The Covid-19 health crisis has led to a substantial increase in work done from home, which shifts economic activity across geographic space. We refer to this shift as a Zoomshock. The Zoomshock has implications for locally consumed services; the clientÃ¨le of restaurants, coffee bars, pubs, hair stylists, health clubs located near workplaces now demand those services near where they live. In this paper, we measure the Zoomshock at a granular level for UK neighbourhoods. We establish three important empirical facts. First, the Zoomshock is large; many workers can work-from-home and live in a different neighbourhood than they work. Second, the Zoomshock is very heterogenous; economic activity is decreasing in productive city centres and increasing residential suburbs. Third, the Zoomshock moves workers away from neighbourhoods with a large supply of locally consumed services to neighbourhoods where the supply of these services is relatively scarce. We discuss the implications for aggregate employment and local economic recovery following the Covid-19 pandemic.
De Fraja, G, J Matheson and J Rockey (eds) (2021), “Zoomshock: The geography and local labour market consequences of working from home”, COVID Economics N/A. https://cepr.org/node/390696
Relying on a novel dataset covering more than 120,000 firms in 60 countries, this paper contributes to the debate about policies to support businesses through the COVID-19 pandemic. While governments around the world have implemented a wide range of policy support measures, evidence on the reach of these policies, the alignment of measures with firm needs, and their targeting and effectiveness remains scarce. This paper provides the most comprehensive assessment to date of these issues, focusing primarily on the developing economies. It shows that policy reach has been limited, especially for the more vulnerable firms and countries, and identifies mismatches between policies provided and policies most sought. It also provides some indicative evidence regarding mistargeting of policies and their effectiveness in addressing liquidity constraints and preventing layoffs. This assessment provides some early guidance to policymakers on tailoring their COVID-19 business support packages and points to new directions in data and research efforts needed to guide policy responses to the current pandemic and future crises.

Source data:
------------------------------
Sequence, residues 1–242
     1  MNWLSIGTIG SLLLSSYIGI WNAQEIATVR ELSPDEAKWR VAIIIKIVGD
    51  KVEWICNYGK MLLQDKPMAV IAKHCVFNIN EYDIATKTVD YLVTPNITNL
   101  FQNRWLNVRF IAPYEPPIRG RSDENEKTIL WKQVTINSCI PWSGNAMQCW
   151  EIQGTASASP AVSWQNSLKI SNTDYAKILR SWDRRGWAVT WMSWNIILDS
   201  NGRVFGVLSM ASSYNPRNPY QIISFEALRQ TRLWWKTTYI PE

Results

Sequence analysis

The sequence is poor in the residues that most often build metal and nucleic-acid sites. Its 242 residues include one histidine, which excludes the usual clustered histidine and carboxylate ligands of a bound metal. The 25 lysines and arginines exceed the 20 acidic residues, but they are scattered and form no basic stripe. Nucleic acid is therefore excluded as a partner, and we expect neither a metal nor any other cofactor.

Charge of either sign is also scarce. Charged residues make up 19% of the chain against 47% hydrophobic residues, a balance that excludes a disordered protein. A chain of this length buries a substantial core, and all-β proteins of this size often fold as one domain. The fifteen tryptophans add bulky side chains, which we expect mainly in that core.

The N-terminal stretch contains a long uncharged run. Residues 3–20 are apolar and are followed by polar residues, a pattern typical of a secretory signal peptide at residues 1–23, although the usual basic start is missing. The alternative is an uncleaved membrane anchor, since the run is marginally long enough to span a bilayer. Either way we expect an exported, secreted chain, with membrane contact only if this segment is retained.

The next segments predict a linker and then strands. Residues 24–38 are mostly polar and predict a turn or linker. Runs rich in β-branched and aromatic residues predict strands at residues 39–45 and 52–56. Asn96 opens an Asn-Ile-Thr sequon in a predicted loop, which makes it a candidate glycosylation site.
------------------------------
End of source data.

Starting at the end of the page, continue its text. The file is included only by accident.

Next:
Cirera, X, M Cruz, E Davies, A Grover, L Iacovone, J Lopez, F Maduko, D Medvedev, G Nayyar, S Ortega and J Torres (eds) (2021), “Policies to support businesses through the COVID-19 Shock: A Firm Level Perspective”, COVID Economics N/A. https://cepr.org/node/390697